See all my photos of this courthouse here:
Friday, June 8, 2012
From their website:
For almost 50 years, visitors have made it a "point" to see Wytheville's Main Street landmark. The late John Campbell Findlay (the original owner of Wytheville Office Supply) had the "Big Pencil" constructed in the early 60's. Made of metal, it is approximately 30 feet long. Over the years it has had a number of facelifts to keep it in pristine condition. Recently, in the Washington Post the syndicated comic strip "Zippy" by Bill Griffith, featured the "Big Pencil".
Wytheville, VA is the county seat of Wythe County and US 11 is the main road through town. This store is right in the middle of town.
Thursday, June 7, 2012
The cave is located near the base of Cumberland Plateau in Grundy County. Back in the days of the Dixie Highway and later highway US41, the turn to get to the cave was located at the last turn before making the ascent to Monteagle. Everyone travelling from Nashville to Chattanooga would have passed nearby, about a mile from here.
As has been the case with many "impulse" tourist attractions, the opening of the interstate killed off this business. Now people take I-24 through the area and the Cave soon went out of business. It reopened again but soon closed again circa 2000. Even though it's not open commercially these days, I hear it's possible to get in the cave if you do a little research, not that I'm advocating you hop the fence I'm standing behind right here.
There's a sign on the front of the building on the right. Part of the paint has worn off and you can see how it used to be a sign for people selling loans. (unless Wonder Cave tried to make loans as a method to stay open.)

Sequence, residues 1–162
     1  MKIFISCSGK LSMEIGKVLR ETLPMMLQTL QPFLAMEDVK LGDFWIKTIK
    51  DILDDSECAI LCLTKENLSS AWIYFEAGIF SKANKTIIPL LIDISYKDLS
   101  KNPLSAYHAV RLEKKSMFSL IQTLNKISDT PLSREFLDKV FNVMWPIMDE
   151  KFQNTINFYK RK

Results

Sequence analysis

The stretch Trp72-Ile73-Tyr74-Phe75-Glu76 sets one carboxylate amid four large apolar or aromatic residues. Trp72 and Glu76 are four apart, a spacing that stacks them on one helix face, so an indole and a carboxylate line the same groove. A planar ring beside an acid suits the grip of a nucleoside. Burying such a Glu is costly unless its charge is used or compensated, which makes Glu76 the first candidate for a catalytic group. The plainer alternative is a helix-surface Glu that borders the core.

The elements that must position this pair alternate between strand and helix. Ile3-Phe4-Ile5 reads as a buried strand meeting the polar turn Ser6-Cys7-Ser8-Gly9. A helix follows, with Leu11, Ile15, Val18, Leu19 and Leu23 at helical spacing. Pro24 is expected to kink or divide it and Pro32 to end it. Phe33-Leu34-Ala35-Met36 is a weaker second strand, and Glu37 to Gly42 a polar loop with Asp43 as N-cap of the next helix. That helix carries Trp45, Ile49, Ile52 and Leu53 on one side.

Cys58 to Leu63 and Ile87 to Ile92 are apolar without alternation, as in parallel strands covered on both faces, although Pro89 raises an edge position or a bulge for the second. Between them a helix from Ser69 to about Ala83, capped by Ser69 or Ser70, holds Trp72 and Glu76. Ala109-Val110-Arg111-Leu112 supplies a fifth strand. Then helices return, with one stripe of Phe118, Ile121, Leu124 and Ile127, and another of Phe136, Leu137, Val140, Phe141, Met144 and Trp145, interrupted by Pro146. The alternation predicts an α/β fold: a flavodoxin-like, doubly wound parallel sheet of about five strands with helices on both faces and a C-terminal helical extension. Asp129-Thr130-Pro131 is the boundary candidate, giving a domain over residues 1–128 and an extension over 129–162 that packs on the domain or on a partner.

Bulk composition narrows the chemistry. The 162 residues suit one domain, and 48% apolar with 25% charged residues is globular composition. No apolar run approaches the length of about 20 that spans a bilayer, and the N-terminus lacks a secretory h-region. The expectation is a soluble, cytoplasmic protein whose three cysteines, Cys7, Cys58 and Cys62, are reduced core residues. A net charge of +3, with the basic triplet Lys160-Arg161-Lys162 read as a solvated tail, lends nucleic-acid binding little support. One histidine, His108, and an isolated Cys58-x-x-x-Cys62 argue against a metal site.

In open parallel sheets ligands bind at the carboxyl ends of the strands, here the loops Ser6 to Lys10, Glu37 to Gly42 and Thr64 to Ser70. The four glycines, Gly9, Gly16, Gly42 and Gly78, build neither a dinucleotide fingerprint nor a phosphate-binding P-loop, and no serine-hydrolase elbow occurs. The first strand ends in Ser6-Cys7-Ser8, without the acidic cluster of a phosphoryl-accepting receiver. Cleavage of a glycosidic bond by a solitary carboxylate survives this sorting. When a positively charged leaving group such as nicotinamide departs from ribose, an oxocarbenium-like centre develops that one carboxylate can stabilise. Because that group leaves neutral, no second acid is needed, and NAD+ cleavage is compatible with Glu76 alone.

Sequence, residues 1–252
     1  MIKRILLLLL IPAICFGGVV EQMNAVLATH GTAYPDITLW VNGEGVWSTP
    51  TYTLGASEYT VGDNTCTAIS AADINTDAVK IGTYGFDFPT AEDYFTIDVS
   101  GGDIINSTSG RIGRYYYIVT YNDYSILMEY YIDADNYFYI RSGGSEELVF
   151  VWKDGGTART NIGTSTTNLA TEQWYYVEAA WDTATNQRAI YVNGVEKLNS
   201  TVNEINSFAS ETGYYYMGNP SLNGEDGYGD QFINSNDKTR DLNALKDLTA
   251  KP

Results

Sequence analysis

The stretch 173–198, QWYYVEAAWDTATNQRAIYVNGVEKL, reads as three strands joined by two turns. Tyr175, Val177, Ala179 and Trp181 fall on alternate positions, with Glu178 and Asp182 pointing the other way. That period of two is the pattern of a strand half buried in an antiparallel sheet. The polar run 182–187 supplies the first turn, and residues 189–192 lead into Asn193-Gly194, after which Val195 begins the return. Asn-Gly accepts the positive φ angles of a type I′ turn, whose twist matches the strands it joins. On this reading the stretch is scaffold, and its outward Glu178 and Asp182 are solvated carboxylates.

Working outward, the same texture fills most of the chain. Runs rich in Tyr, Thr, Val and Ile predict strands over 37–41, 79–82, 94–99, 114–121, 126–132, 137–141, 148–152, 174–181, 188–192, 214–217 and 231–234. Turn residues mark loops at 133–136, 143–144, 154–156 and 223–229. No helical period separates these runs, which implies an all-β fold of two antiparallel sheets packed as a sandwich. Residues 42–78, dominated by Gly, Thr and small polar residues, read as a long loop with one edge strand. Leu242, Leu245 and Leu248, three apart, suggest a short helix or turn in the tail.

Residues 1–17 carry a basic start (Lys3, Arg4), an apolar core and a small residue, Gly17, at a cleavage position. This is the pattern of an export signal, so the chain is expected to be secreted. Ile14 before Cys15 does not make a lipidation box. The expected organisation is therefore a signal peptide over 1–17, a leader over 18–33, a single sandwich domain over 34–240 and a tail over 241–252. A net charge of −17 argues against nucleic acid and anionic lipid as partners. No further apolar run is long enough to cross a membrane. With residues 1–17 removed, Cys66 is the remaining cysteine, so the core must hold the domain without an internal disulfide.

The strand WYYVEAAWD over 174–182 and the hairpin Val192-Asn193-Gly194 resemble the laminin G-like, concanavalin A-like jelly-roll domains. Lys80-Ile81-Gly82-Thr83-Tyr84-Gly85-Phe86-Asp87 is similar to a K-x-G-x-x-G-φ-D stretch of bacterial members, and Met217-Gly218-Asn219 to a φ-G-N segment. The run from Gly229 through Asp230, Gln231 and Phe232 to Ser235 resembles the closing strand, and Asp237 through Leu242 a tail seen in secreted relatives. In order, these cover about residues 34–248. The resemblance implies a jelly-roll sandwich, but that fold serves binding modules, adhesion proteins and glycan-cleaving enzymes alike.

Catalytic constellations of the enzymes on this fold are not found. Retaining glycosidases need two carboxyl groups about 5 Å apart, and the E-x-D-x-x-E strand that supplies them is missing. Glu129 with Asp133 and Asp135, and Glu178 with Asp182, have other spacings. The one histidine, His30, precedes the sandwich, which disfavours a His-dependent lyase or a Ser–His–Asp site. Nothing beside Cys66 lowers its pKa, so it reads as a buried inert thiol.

Wednesday, June 6, 2012
Built in 1882, this is the oldest covered bridge in Tennessee.
Constructed at a cost of $3,000 by contractor Dr. E.E. Hunter, George Lindamood and three carpenters, it spans the Doe River for 134 feet, resting on earth and limestone abutments. Hunter hired Colonel Thomas Matson, who had engineered the narrow guage Tweetsie Railroad, to design the bridge and serve as construction chief. Hunter made a profit of $5 on the bridge, so one of its names is the "Five Dollar Bridge"
The original structure was made almost entirely of wood; mainly mountain oak and white pine beams that were hauled down the steep slopes of the mountains by draft horses and mules, weatherboard of mountain poplar, and shingles cleaved by mallet and fro from chestnut. Hand forged steel spikes and hand threaded bolts fastened together the massive pieces of oak flooring. Termed an engineering feat, and listed in the Historic Engineering Record, the Covered Bridge survived numerous floods, including the great May flood of 1901, which destroyed all the other bridges in the county that crossed the Doe River. It is one of two bridges in Tennessee identified by a Tennessee Historical marker and is included on the National Registry of Historic Sites. The Covered Bridge remains the most photographed and most admired historical structure in Carter County.
The bridge contains one span and is of Howe Truss design. Inside the bridge is one lane of vehicle traffic, plus a pedestrian walkway, although the bridge is now closed to motor vehicles. Each end of the bridge features a projecting truncated gabled roofline.
Two other nicknames of this bridge are "Queen of the South" and "The Kissing Bridge." Every year in June, Elizabethton has a festival called the Covered Bridge Celebration. Learn more about the festival that starts this weekend at the link here:
Tuesday, June 5, 2012
This is a real photo postcard that has been dated 1936 at the bottom. The labels at the bottom read: Hales Bar Power Plant, Tennessee Valley, Dixie Highway - U.S. 41.
Lets start in the foreground, with the Dixie Highway Bridge. This bridge was in the news a couple of months ago as TDOT announced plans to repair the bridge over the Tennessee River, and it has been closed for a while. It runs parallel to Interstate 24, so these days not as many people need to use it. One other thing to note, with the creation of Nickajack Lake, which will be discussed on down a bit, the water level of the river is higher and at the time, they had to hydraulically lift the bridge 24 feet so there would still be room for boats to pass underneath. Here is a recent photo of the bridge under construction: